7 Shakespeare in Love: No, we are not criticising Shakespeare in Love here because it was an innovative and clever romantic comedy, and there are far inferior films out there, but to say that it was the best of that year is something very difficult to digest. Putting “Shakespeare” in the title doesn’t mean that it comes with the Bard’s seal of approval and hence a worthy winner. It was the year when Spielberg unleashed one of the best war epics on us, Saving Private Ryan and Terrence Malick who makes films very rarely gave us beautiful The Thin Red Line. Foreign films like Majidi’s almost perfect children’s film Children of Heaven, Brazilian film Central Station and Italian film Life is Beautiful were in the race too. The blooper? Well, the biggest cult of internet era, Coen Brothers’ The Big Lebowski wasn’t even considered for a nomination.
6 Gigi: Gigi won nine Oscars including Best Picture and how sad it is considering it was almost an average film in comparison to some of the films that were released the same year. Alfred Hitchcock made his most personal work in Vertigo, French filmmaker Jacques Tati’s made his delightful visual comedy Mon Oncle and Orson Welles gave us Touch of Evil, another noir classic to relish for lifetime. On its own, Gigi is nowhere close to great musicals that Hollywood has produced and to be honest, there is hardly any dancing or musical footwork going on. No questions about the weak set of nominees in the Best Picture category but worst come worst, Cat on a Hot Tin Roof and The Defiant Ones are also better in assessment.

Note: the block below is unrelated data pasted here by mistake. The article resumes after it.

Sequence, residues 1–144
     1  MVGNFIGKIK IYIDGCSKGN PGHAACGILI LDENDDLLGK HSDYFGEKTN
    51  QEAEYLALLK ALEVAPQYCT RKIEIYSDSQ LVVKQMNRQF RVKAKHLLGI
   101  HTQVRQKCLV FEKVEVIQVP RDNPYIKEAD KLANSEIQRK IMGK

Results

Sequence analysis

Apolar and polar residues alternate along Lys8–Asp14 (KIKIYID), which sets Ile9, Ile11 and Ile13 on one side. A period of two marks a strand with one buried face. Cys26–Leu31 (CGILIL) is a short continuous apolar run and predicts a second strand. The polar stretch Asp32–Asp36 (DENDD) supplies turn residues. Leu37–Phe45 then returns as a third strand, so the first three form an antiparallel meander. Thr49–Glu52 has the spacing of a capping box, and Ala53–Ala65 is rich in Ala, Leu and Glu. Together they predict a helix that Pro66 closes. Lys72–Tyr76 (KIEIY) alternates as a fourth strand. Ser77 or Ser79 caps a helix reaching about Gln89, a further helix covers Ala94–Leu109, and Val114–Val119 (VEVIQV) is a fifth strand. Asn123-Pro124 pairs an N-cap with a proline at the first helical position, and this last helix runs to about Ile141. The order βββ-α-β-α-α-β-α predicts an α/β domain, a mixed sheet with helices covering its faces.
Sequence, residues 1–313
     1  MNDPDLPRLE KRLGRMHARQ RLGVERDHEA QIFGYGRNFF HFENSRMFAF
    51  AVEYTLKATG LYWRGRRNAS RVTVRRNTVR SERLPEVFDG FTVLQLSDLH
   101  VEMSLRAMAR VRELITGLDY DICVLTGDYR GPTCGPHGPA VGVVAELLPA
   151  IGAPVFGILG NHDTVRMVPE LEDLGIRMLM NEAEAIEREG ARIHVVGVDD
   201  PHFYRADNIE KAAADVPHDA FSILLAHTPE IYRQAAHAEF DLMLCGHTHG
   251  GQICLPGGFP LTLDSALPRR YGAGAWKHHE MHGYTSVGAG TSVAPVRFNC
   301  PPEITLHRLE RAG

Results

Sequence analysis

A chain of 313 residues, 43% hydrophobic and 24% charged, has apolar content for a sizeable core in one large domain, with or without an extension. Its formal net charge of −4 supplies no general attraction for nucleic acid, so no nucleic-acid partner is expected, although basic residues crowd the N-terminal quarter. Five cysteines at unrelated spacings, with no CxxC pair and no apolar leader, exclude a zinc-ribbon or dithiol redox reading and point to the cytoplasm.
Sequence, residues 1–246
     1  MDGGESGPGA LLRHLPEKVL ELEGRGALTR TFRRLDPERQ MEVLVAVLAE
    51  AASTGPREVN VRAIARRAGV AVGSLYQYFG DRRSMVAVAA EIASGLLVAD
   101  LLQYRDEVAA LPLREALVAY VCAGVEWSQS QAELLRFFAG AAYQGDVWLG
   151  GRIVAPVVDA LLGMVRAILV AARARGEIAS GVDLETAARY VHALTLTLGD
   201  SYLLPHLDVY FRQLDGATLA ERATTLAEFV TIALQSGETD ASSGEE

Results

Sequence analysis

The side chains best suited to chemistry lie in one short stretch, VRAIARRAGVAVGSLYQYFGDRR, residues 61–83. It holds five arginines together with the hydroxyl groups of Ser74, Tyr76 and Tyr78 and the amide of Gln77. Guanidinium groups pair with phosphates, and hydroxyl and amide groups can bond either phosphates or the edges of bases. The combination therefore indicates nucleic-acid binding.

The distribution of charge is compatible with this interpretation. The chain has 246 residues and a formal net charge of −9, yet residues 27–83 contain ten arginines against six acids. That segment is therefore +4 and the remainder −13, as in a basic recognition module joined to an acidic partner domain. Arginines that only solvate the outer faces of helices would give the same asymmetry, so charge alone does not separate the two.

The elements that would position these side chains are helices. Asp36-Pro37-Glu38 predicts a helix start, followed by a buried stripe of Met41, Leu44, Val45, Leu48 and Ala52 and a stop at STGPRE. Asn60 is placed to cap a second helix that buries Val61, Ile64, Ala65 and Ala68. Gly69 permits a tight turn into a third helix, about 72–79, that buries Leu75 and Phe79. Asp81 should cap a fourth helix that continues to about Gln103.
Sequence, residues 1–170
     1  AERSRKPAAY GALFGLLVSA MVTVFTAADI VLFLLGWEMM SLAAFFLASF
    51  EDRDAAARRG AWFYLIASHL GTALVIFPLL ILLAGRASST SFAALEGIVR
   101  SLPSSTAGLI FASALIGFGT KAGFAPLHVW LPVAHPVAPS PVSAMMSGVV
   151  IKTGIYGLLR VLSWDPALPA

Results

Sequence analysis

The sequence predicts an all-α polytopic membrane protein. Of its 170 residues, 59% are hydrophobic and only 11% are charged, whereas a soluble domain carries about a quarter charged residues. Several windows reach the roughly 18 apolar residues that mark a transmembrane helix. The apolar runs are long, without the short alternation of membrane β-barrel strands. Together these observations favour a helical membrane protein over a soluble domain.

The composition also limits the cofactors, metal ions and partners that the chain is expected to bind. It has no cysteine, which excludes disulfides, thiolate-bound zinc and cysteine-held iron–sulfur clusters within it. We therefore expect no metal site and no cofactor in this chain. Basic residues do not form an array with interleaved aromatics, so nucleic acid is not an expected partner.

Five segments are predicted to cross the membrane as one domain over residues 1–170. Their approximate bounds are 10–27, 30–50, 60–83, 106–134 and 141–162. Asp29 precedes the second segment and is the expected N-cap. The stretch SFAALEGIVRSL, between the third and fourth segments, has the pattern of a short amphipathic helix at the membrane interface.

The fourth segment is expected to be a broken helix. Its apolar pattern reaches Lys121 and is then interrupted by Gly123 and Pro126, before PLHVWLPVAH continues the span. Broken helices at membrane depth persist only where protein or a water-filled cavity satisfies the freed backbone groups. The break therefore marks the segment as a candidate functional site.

5 How Green Was My Valley: John Ford is a great director and his story of the Morgans, a close, hard-working Welsh family in the South Wales coalfield made for a decent movie too. Since its big night at the Academy Awards, it’s remembered more as the film that beat Orson Welles’ Citizen Kane which was crowned by AFI as the greatest film and now gets the top place in most of the lists of greatest films ever made. Probably the greatest blunder in the history of Academy Awards, Citizen Kane won only Best Original Screenplay — even though the movie completely changed the way we look at cinema for all time. And the other nominees included the great detective noir The Maltese Falcon, Hitchcock’s Suspicion andHawks’ Sergeant York. Oh wait, even the Disney animation Dumbo is a greater work.